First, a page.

5 Interesting Facts About The Great Migration

Great Migration Facts: Wildlife spectacle, Serengeti migration, Maasai Mara, African safari, nature's wonder.

Popularly known as ‘The Greatest Show On Earth’ the Great Migration is one of the world’s most fascinating and dramatic natural phenomenons. It occurs annually across Kenya and Tanzania from July to October and is the largest overland migration on Earth. Each migration sees the collective circular movement of over 1.5 million wildebeest and hundreds of thousands of zebras, gazelles and elands. Headed down for a safari soon? Here are some fun facts to know before you go!

5 Interesting Facts About The Great Migration

1. Wildebeest and Zebras: The Perfect Travel Companions

Both wildebeest and zebras are highly social animals that live in herds. About 200,000 zebras add to millions of wildebeest each year during the Great Migration. The reason for this? A symbiotic relationship. Both grazers, zebras are evolved to feed on longer tougher grass, leaving behind shorter shoots preferred by wildebeest.

5 Interesting Facts About The Great Migration

In addition, the two pair well due to the excellent memory on the part of zebras.This allows them to better remember previous migration routes and areas of danger and safety. An advantage that is particularly handy as both groups cross crocodile-infested rivers.

5 Interesting Facts About The Great Migration

Lastly wildebeests have a heightened sense of smell, allowing them to detect water during dry spells. This allows them to sense rain up to 15 miles away easily leading both herds to water and fresh grazing fields. Zebras on the other hand have great eyesight which allows them to spot and avoid predators guaranteeing higher survival chances for zebra and wildebeest herds.

2. Only Blue Wildebeest Migrate

Wildebeest, also known as gnus, are actually a large type of African antelope split into two species- black wildebeest (white-tailed gnu) and blue wildebeest (brindled gnu). Blue wildebeest (not actually blue) get their name from the silvery–blue sheen to their coat when seen at certain angles in the light. They are the more commonly known of the two and can be found in both Southern and Eastern Africa. Black wildebeest on the other hand, are only found in Southern Africa.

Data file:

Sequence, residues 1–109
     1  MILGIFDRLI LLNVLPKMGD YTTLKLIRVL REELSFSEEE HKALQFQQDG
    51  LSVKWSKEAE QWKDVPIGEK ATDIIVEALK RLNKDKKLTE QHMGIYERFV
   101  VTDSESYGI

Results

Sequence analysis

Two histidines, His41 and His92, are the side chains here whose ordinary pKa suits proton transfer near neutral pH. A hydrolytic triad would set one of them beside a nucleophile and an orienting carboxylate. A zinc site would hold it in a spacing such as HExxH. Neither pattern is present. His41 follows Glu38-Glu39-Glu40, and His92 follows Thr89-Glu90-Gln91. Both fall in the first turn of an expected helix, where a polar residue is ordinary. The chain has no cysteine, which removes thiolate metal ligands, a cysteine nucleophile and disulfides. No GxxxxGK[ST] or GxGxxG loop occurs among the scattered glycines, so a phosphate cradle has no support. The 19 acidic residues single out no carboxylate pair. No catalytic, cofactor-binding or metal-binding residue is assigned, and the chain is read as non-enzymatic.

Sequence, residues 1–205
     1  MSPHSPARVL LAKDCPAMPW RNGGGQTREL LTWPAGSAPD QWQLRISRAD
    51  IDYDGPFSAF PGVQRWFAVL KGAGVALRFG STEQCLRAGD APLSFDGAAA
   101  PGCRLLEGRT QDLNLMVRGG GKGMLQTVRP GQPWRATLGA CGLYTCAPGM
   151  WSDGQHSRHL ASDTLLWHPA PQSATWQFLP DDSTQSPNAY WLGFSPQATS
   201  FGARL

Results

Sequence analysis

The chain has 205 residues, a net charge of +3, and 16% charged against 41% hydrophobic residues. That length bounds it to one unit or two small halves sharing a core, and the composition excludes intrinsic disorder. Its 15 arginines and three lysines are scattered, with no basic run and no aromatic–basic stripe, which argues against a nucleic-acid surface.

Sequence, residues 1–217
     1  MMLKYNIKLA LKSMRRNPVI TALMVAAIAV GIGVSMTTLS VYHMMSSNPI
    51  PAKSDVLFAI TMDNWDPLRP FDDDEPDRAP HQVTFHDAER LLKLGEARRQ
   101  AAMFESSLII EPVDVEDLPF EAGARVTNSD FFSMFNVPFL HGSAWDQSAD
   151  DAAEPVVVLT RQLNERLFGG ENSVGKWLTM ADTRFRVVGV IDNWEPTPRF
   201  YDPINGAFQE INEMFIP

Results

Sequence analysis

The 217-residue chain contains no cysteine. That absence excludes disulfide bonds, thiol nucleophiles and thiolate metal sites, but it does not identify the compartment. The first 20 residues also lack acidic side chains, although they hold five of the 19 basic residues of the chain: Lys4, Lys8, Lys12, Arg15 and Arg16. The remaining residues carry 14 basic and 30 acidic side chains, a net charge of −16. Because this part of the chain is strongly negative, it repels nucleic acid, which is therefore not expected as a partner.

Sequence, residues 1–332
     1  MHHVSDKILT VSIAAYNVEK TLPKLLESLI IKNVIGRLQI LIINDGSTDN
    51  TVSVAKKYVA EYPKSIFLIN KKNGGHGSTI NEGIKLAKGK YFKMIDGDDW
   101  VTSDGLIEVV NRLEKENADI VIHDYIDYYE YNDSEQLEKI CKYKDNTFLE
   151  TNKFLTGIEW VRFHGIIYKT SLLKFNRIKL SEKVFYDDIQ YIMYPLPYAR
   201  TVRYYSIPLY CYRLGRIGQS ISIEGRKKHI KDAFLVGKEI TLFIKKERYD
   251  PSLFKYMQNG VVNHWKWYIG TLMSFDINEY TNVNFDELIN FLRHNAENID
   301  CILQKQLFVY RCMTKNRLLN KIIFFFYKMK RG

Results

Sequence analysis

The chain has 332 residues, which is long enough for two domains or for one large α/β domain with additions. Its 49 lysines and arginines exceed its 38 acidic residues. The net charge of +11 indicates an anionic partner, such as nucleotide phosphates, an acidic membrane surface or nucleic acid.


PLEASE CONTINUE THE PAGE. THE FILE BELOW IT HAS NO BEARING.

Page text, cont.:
5 Interesting Facts About The Great Migration

Blue Wildebeest | Image by Serengeti National Park

While both species share similar physical and behavioural traits, only blue wildebeest are known to migrate whereas black wildebeest occupy fixed territories. The blue wildebeest also inhabits woodlands and grasslands, while the black wildebeest is restricted to only open grasslands.

5 Interesting Facts About The Great Migration

Black Wildebeest | Image by Kiddie

3. Perilous Crossings

The Great Migration is naturally not without risk as the huge numbers are tailed by a variety of predators and opportunists like lions and hyenas. The river crossing however, is perhaps the most dangerous and dramatic part of the journey. To get to greener pastures in Tanzania, herds cross the crocodile-infested Mara and Grumeti Rivers of the Serengeti. River Grumeti in particular is known for some of the largest Nile Crocodiles on the continent, which can grow to a whopping 500-750kgs.

5 Interesting Facts About The Great Migration


The Grumeti River Crossing occurs for a brief 1-2 week window between May and June (ideal for low season travellers) while the Mara River crossing usually occurs during the busier dry season from mid June to September.

If you’re looking for better viewing opportunities and more dramatic flare then a Mara River Crossing is certainly for you. This is mainly because crossings happen more frequently and also tend to be more dramatic as the river is lined by steep banks and has a faster current unlike the calmer Grumeti. Accommodation is also better established in the areas surrounding the Mara River, with more options for every budget.

5 Interesting Facts About The Great Migration

Crocodile AttackingWildebest | Image by Discover Africa

4. Wildebeest Calves Can Run Just Days After Birth

Female wildebeest pregnancies last for 9 months. They give birth in the middle of the herd for safety with 80% of calves are born 2 to 3 weeks before the rainy season. This is to ensure there is enough food for for the calves’ development. During their first few months, calves will suckle milk from their mothers. Their diets are milk based with grass 10 days after birth. In order to keep up with the fast pace of the plains, calves are also born precocial and can walk soon after birth. A few days later they then start running with the rest of the herd.

5 Interesting Facts About The Great Migration

Wildebeest Mother and Calf

Being the most vulnerable group during the migration, only one in three calves will make it back alive in a year to the Serengeti’s southeastern plains.

5. Scent Trails

Research shows that wildebeest have scent glands on their hooves to leave trails for members of the herd as groups migrate. This is necessary as the Great Migration doesn’t consist of one solid herd but a main herd and satellite herds that merge and separate throughout the season. The group is at its most cohesive during calving season (from late December to early March) when all the wildebeests gather in the Serengeti’s southeastern grasslands seeking protection from predators in numbers.

5 Interesting Facts About The Great Migration

Image by Martin Harvey

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